Genome-Wide Transcriptomic Analysis of Intestinal Tissue to Assess the Impact of Nutrition and a Secondary Nematode Challenge in Lactating RatsReport as inadecuate

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Gastrointestinal nematode infection is a major challenge to the health and welfare of mammals. Although mammals eventually acquire immunity to nematodes, this breaks down around parturition, which renders periparturient mammals susceptible to re-infection and an infection source for their offspring. Nutrient supplementation reduces the extent of periparturient parasitism, but the underlying mechanisms remain unclear. Here, we use a genome wide approach to assess the effects of protein supplementation on gene expression in the small intestine of periparturient rats following nematode re-infection.

Methodology-Principal Findings

The use of a rat whole genome expression microarray Affymetrix Gene 1.0ST showed significant differential regulation of 91 genes in the small intestine of lactating rats, re-infected with Nippostrongylus brasiliensis compared to controls; affected functions included immune cell trafficking, cell-mediated responses and antigen presentation. Genes with a previously described role in immune response to nematodes, such as mast cell proteases, and intelectin, and others newly associated with nematode expulsion, such as anterior gradient homolog 2 were identified. Protein supplementation resulted in significant differential regulation of 64 genes; affected functions included protein synthesis, cellular function and maintenance. It increased cell metabolism, evident from the high number of non-coding RNA and the increased synthesis of ribosomal proteins. It regulated immune responses, through T-cell activation and proliferation. The up-regulation of transcription factor forkhead box P1 in unsupplemented, parasitised hosts may be indicative of a delayed immune response in these animals.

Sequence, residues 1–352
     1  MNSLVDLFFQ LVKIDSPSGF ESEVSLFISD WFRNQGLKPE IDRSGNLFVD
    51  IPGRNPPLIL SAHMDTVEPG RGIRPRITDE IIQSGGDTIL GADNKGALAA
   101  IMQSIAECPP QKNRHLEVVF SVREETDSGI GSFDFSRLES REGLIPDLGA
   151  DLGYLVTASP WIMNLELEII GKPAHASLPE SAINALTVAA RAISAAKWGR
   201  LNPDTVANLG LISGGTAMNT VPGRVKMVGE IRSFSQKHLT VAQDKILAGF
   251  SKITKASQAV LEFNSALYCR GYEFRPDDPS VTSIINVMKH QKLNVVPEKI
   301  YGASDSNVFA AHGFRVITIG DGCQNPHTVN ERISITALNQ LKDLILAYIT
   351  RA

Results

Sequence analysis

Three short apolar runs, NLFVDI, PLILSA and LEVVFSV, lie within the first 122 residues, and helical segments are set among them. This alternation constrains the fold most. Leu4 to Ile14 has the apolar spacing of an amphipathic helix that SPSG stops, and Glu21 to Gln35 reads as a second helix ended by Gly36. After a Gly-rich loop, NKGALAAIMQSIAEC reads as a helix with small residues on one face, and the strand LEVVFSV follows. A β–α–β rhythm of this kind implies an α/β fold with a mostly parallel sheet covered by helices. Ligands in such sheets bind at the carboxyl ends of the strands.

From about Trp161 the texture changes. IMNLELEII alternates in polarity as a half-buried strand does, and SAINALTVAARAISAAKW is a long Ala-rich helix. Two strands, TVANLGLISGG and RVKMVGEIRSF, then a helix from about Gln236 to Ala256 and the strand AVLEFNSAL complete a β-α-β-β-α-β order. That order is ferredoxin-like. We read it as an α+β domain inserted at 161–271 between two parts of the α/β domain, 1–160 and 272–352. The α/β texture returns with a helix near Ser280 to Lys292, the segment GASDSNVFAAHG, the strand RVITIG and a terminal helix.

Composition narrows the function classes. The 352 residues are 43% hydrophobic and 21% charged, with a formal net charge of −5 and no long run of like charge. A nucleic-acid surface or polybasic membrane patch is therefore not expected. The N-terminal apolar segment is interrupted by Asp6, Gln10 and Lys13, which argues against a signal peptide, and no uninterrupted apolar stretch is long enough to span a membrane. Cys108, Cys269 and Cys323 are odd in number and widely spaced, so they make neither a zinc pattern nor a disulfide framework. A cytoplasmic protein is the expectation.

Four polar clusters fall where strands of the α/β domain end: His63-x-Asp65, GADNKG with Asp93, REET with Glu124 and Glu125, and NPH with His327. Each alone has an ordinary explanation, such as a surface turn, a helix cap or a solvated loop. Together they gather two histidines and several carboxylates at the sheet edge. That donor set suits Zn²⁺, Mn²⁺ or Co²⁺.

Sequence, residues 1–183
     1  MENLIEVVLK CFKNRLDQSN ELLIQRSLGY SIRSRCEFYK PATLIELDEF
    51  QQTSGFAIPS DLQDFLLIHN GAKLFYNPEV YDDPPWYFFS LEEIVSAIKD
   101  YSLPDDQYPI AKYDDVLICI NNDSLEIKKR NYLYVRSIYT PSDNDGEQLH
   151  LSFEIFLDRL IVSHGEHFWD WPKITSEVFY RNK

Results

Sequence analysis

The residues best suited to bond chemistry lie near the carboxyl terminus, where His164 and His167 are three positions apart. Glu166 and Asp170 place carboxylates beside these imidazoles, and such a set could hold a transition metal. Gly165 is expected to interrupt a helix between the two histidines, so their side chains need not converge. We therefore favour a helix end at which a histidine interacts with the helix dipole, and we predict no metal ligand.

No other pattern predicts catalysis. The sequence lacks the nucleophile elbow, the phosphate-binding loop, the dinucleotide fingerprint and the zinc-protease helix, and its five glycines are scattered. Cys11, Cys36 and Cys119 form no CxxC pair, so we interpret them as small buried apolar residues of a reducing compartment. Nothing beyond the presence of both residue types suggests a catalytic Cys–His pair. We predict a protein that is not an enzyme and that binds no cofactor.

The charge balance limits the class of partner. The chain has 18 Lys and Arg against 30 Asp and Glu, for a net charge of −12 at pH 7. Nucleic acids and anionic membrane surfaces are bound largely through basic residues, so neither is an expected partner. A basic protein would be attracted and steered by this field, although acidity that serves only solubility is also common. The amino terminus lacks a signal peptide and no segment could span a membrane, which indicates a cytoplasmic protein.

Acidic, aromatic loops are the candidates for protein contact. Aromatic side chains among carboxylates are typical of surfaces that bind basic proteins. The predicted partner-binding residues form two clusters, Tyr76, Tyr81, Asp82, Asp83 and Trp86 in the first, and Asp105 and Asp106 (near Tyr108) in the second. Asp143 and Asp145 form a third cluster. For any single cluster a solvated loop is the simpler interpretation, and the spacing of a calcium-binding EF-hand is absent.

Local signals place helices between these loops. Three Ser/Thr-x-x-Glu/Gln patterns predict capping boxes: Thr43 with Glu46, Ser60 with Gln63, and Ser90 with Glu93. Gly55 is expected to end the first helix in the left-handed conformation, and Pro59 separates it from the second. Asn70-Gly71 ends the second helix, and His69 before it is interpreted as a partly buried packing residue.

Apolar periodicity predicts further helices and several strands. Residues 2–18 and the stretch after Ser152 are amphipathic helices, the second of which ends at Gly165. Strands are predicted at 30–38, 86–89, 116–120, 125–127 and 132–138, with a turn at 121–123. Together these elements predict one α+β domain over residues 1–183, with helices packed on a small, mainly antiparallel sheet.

This study provides the first evidence for nutritional regulation of genes related to immunity to nematodes at the site of parasitism, during expulsion. Additionally it reveals genes induced following secondary parasite challenge in lactating mammals, not previously associated with parasite expulsion. This work is a first step towards defining disease predisposition, identifying markers for nutritional imbalance and developing sustainable measures for parasite control in domestic mammals.

Author: Spiridoula Athanasiadou , Leigh A. Jones, Stewart T. G. Burgess, Ilias Kyriazakis, Alan D. Pemberton, Jos G. M. Houdijk, John F.



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